Negative Margin

Positive Margin


Case number




Tumor stage















   ≥ 3a




Tumor volume (%)

14.1 ± 11.5**

21.2 ± 17.2**


Gleason score

6.5 ± 0.7**

6.8 ± 0.8**


Weight (gram)

49.8 ± 16.6**

42.7 ± 13.7**





   Surgeon one


14 (27.5%)****


   Surgeon two


28 (28.9%)****




10 (29.4%)****


* Chi square test; ** Mean ± SD; *** Student t-test between negative surgical margin group and positive surgical margin group; **** Positive surgical margin rate for each surgeon in parentheses

Differences in capsular incision index and prostate surface adipose tissue between RALP and RRP specimens

Capsular incision indicates damage to the prostate capsule caused by surgical procedures, which may contribute to a positive surgical margin if tumor is present at the site of capsular incision. As described in "Methods", we created a capsular incision index in this study to reflect the severity of capsular damage: a higher index suggests more extensive damage to the prostatic capsule during the surgical process. Analysis of 49 cases of RALP and 33 cases of RRP showed that the average capsular incision index was 0.127 for the RALP group and 0.233 for the RRP group (Table 3). The difference between these two groups was statistically significant (P = 0.009), suggesting that RRP caused more severe prostate capsular damage than RALP. We also compared the amount of residual surface adipose tissue in the RALP and RRP prostatectomy specimens, because the presence of surface adipose tissue suggests an undamaged prostate capsule at the observed area. Our analyses showed that the average percentage of prostatic surface covered with adipose tissue in RALP specimens was 73.2%, while that in RRP specimens was only 51.4% (Table 3), a statistically significant difference (P < 0.001). We also analyzed the correlation between capsular incision index and the percentage of surface adipose tissue and found these two factors to have a negative linear correlation, with an r = -0.5536 (P < 0.001, Figure 1). This finding was consistent with our prediction that both capsular incision index and amount of prostatic surface adipose tissue are indicators of the degree of prostate capsular damage caused by surgical procedures.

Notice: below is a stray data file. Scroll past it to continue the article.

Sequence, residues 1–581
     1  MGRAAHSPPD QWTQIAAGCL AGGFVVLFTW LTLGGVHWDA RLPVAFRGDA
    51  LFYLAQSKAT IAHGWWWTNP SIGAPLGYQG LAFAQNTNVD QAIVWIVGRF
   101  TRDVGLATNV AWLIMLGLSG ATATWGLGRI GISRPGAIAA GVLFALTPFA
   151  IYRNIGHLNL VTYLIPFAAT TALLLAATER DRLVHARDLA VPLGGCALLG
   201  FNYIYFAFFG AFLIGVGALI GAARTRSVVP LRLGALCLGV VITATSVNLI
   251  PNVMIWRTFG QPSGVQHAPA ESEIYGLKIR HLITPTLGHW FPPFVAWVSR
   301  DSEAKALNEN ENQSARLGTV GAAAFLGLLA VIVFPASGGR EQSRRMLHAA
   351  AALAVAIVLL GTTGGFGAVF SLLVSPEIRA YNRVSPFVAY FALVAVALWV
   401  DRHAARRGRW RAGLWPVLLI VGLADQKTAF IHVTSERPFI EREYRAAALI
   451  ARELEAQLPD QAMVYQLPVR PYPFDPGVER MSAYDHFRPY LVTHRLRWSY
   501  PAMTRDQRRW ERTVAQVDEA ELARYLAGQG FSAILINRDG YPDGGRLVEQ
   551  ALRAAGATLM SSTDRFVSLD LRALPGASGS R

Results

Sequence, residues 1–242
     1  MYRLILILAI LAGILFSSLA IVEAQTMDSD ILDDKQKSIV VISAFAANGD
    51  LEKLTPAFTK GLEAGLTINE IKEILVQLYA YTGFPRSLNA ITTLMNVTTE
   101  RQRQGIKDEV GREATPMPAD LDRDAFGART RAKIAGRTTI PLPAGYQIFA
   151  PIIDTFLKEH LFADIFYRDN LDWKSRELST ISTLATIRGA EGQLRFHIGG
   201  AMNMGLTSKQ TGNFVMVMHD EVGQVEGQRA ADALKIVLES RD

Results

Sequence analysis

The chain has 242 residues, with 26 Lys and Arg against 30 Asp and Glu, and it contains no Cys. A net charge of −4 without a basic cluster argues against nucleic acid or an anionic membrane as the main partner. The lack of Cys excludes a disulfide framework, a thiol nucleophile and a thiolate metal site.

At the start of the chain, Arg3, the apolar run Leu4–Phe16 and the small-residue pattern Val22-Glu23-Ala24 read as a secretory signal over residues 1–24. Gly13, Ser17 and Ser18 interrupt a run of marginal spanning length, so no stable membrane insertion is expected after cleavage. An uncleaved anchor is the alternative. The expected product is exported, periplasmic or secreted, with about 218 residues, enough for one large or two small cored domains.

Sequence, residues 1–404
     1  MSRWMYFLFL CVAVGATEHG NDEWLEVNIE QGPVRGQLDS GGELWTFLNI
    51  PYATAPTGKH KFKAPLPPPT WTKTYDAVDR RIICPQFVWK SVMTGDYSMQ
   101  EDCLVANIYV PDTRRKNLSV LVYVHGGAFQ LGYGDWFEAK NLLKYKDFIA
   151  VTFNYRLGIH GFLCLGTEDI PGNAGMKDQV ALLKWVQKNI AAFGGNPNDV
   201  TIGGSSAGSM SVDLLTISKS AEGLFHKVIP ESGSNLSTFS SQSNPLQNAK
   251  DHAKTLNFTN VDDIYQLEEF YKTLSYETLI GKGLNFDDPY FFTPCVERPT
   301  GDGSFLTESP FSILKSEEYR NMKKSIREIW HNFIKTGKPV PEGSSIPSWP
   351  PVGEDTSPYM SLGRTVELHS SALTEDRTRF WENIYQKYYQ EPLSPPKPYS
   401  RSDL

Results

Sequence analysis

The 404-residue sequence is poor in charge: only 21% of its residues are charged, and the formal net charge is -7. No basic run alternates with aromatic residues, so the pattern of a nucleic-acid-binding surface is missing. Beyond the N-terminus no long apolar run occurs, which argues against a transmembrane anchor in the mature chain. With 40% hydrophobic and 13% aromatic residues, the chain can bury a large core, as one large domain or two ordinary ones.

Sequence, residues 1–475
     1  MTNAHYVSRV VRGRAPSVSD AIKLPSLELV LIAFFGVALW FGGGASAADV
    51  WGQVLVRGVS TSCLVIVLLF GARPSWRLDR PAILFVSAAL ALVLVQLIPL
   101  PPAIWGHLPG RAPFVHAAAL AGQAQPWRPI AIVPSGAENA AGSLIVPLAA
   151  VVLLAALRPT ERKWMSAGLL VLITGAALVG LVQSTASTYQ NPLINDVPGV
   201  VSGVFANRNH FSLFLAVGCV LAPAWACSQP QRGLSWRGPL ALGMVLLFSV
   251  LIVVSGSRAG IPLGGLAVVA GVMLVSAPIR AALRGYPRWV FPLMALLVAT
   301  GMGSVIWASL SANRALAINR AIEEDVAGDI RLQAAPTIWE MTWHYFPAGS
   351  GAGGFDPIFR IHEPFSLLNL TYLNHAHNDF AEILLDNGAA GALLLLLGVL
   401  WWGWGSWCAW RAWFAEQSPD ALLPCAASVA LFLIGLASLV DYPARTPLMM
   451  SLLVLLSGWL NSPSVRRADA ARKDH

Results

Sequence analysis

Table 3

Comparison of capsular incision index and residual prostatic surface adipose tissue between prostatectomy specimens from RALP and RRP


Case number

Capsular incision Index

Surface adipose tissue (%)



0.127 ± 0.156

73.2 ± 21.0



0.233 ± 0.186

51.4 ± 15.6


P = 0.009

P < 0.001

Figure 1

Correlation between capsular incision index and the amount of residual prostatic surface adipose tissue. The values of capsular incision and prostatic surface adipose tissue from 82 cases of prostatectomies (RALP and RRP) were analyzed for their correlation.


RALP evolved over the last decade with significant efforts to improve functional outcomes following prostatectomy and has greatly changed the standard treatment of prostate cancer. Currently, about 69-85% of radical prostatectomies performed in the Unites States are done robotically [4]. Our study showed that 69.6% of the prostatectomies performed at our institution from 2007 to 2010 were RALP, a proportion consistent with current national utilization rates of the procedure. In order to compare the RALP and RRP procedures, we analyzed their respective positive surgical margin rates and found that the RALP patients had a lower average positive surgical margin rate than the RRP patients. When only the patients with stage T2c disease were compared, the positive surgical margin rate was still lower in the RALP group, but in patients with other pathologic stages, the differences in positive surgical margin rates between RALP and RRP groups were not statistically significant (Table 1).

Previous reports comparing positive surgical margins between RALP and RRP had conflicting results: some showed no significant difference between RALP and RRP [811]; others found a higher incidence of positive surgical margins in RALP [1214]; while many suggested that RALP resulted in a lower incidence of positive surgical margins than RRP. Ficarra et al. analyzed the cumulative data from six studies published before 2008, and found a statistically significant difference in favor of RALP [15]. More recently, Coelho et al. compared the data from published reports of prostatectomies performed in high-volume centers, including 11 studies of RALP (8,472 cases) and 19 studies of RRP (41,729 cases), and found that the weighted mean positive surgical margin rates were 13.6% for RALP and 24% for RRP [5]. Other studies have also shown lower positive surgical margin rates in RALP than in RRP [16, 17]. It should be noted that all of the reports cited above were based on non-randomized studies, so that definitive conclusions can only be reached after randomized trials are done. When reviewing the previous studies, we noted that the positive surgical margin rate in our RALP group (28.6%) was comparable with the published data (9.3-33.3%) [5], but our RRP group showed a higher positive surgical margin rate (57.5%) than the reported range (8.8% to 42.8%) [5, 16]. The reason for the high positive surgical margin rate in our RRP patients is not clear. When evaluating the difference of positive surgical margin rates between the RALP and RRP patients in our study, we should also consider that the unusually high positive surgical margin in our RRP group may partially contribute to such a significant difference. However, as an institutional experience, the introduction of RALP into our institute did result in significantly reduced positive surgical margin rate of prostatectomy.